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Mark Zuckerberg called to Congress — ‘the buck stops with him:’ Rep. Walden

Facebook CEO Cut Zuckerberg is the best person to address the data scandal and therefore should aver in front of lawmakers, Rep. Greg Walden, R-Ore., told CNBC on Thursday.

Earlier in the day, Walden, along with Rep. Free Pallone, D-N.J., called on Zuckerberg to appear before the House Energy and Business Committee. The panel plans to send a formal letter in the coming days.

“The buck blockings with him,” Walden said on “Closing Bell.”

“He’s the right one to come lay out for the American man and for the world, frankly, what happened, what didn’t, what should and shouldn’t upon and then we can decide as policymakers the best course.”

Cambridge Analytica, which stirred on Facebook ads for the Trump campaign, is accused of improperly gaining access to 50 million profiles in front of the 2016 election. Cambridge Analytica has called the allegations “false” and on Tuesday the directors suspended CEO Alexander Nix.

Zuckerberg, who broke his silence on the scandal in a Facebook function Wednesday, has expressed a willingness to testify.

“What we try to do is send the person at Facebook who choice have the most knowledge,” Zuckerberg said in an interview with CNN on Wednesday. “If that’s me, then I am apt to go.”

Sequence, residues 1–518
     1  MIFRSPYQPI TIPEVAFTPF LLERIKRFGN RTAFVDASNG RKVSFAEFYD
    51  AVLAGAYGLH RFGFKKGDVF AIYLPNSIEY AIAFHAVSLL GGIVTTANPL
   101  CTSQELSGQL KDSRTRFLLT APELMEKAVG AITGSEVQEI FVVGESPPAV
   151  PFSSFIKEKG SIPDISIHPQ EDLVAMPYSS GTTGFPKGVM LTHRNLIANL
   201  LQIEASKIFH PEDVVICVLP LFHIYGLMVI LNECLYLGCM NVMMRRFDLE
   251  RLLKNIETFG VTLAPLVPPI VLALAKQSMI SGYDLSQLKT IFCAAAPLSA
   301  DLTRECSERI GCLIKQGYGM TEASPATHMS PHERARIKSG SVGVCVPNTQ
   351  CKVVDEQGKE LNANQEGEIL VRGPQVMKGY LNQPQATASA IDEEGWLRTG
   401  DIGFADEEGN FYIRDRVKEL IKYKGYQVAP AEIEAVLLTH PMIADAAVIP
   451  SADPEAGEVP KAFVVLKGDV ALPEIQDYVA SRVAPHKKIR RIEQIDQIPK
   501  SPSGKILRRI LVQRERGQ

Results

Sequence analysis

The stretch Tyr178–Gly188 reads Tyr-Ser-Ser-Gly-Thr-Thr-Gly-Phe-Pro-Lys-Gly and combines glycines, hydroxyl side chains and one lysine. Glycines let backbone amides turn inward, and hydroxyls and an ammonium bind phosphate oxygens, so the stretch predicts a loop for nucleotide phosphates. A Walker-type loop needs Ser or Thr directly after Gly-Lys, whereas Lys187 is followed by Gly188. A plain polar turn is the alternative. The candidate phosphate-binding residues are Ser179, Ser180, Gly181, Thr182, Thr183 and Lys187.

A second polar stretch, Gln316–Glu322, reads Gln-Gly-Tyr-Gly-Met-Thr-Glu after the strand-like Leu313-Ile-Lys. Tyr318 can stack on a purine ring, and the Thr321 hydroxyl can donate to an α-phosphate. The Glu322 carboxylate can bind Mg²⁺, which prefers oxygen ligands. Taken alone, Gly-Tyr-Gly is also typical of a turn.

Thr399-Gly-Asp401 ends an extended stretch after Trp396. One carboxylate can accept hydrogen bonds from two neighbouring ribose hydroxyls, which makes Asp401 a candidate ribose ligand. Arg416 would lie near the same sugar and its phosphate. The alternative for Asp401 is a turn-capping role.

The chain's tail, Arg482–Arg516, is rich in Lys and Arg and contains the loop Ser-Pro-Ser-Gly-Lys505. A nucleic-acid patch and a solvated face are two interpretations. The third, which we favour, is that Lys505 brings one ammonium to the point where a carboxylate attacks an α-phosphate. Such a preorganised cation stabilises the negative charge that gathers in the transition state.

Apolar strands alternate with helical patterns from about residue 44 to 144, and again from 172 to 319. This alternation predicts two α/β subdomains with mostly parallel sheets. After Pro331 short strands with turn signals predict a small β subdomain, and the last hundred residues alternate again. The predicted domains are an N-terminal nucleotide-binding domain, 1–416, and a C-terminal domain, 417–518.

In his initial statement, the CEO said the company will take measures to safeguard user privacy, including investigating all apps with access to Facebook matter. “We have a responsibility to protect your data, and if we can’t then we don’t deserve to accommodate you,” Zuckerberg wrote in the post.

Walden said his committee has already viva voce to Facebook representatives, but he said there are still unanswered questions.

“Is this one scene the only one? Did it happen in prior campaigns? We’ve got to get to the bottom of it,” he said, noting that as the break down, Zuckerberg knows “everything about the company.”

However, Walden isn’t of necessity championing tough regulation of Facebook and the industry.

“I’m into light-touch customary, not heavy-handed government,” he said. “We want to look into it and say ‘are America’s laws room pace? Can it self-regulate? Is more needed?’ I don’t think we have the answer to that proposition beyond the shadow of a doubt yet, that’s why we need to start at the top.”

Facebook COO Sheryl Sandberg told “Reserved Bell” on Thursday that the company was open to regulation.

“Mark [Zuckerberg] has alleged, ‘It’s not a question of if regulation, it’s a question of what type,'” Sandberg said.

— CNBC’s Sara Salinas and Jillian D’Onfro supported to this report.

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